Understanding the political representativeness of
Understanding the political
representativeness of Twitter users
Pablo Barberá ∗
New York University
Gonzalo Rivero †
October 15, 2014
Forthcoming in Social Science Computer Review
In this article we analyze the structure and content of the political conversations that
took place through the micro-blogging platform Twitter in the context of the 2011
Spanish legislative elections and the 2012 US presidential elections. Using a unique
database of nearly 70 million tweets collected during both election campaigns, we find
that Twitter replicates most of the existing inequalities in public political exchanges.
Twitter users who write about politics tend to be male, to live in urban areas, and
to have extreme ideological preferences. Our results have important implications for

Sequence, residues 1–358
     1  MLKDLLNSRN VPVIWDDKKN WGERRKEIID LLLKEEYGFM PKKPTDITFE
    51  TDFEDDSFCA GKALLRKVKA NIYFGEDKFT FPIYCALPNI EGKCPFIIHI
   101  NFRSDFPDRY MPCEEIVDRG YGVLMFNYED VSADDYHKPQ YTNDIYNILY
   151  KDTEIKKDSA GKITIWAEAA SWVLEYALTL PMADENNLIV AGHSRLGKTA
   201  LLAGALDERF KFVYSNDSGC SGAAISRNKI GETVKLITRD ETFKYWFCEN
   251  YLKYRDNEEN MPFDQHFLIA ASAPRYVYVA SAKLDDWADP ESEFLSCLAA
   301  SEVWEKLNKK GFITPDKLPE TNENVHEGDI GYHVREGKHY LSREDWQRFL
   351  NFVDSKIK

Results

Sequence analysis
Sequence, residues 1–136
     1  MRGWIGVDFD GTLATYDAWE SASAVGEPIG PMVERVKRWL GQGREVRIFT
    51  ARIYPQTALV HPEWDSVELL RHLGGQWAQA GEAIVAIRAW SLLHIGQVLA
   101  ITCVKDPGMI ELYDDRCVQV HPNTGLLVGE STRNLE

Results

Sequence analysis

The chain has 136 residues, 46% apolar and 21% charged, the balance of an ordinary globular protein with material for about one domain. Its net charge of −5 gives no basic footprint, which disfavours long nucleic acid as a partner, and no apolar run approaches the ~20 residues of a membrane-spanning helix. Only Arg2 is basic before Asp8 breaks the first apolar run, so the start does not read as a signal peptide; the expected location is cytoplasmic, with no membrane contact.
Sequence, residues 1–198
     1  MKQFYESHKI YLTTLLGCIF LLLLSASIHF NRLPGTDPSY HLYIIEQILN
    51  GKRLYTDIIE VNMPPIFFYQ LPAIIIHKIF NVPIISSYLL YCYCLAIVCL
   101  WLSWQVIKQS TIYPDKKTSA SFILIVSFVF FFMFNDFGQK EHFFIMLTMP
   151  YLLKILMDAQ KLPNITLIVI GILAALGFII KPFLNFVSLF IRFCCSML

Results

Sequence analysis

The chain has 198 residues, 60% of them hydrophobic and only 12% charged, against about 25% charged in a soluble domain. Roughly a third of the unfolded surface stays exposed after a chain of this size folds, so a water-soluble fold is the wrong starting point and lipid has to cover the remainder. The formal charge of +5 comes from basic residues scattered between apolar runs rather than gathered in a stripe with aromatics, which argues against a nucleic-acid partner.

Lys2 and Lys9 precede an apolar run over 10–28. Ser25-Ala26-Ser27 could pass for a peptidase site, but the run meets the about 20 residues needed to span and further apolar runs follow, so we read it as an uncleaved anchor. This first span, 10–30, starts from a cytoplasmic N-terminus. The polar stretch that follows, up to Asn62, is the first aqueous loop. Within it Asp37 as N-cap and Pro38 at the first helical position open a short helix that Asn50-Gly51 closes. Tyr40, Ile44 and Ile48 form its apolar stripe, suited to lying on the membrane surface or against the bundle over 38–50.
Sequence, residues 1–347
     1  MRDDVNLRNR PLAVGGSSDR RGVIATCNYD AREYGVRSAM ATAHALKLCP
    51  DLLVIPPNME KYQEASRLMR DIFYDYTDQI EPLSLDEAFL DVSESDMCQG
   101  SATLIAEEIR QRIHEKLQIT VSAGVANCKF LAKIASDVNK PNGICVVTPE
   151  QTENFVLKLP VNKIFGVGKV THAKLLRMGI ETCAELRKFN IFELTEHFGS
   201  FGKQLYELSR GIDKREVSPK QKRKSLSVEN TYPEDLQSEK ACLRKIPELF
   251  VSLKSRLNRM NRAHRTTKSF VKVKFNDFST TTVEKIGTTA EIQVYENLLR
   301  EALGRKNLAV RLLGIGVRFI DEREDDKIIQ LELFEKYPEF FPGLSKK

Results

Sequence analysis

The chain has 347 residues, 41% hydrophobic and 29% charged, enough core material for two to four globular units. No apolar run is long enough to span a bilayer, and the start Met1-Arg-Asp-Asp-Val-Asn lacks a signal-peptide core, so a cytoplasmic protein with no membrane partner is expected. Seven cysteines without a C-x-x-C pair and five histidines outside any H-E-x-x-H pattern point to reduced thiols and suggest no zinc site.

future research on the relationship between social media and politics, since they highlight the need to correct for potential biases derived from these sources of inequality.
Pablo Barberá (www.pablobarbera.com) is a Ph.D. Candidate in the Department of Politics at New York
University. He can be reached at [email protected]
Gonzalo Rivero (griverorz.net) is a Senior Analyst at YouGov. He can be reached at [email protected]
Introduction. Twitter’s potential as a source of information about public opinion and electoral preferences
The micro-blogging service Twitter has become one of the most important social networking sites, with 200 million montly active users worldwide1 , including 18% of all
online Americans2 and 15% of online Spaniards. While most of the messages that are sent
through this platform are personal updates, its use for political purposes has increased in
the past few years. Virtually all candidates and elected officials have a presence on Twitter; and many users rely on Twitter to stay informed about political events. The content
and structure of the political discussion that takes place on this platform, easily accessible
through their API, represents a unique opportunity for researchers interested in the study
of elections and public opinion.
The increase in the use of social media has led many social scientists to examine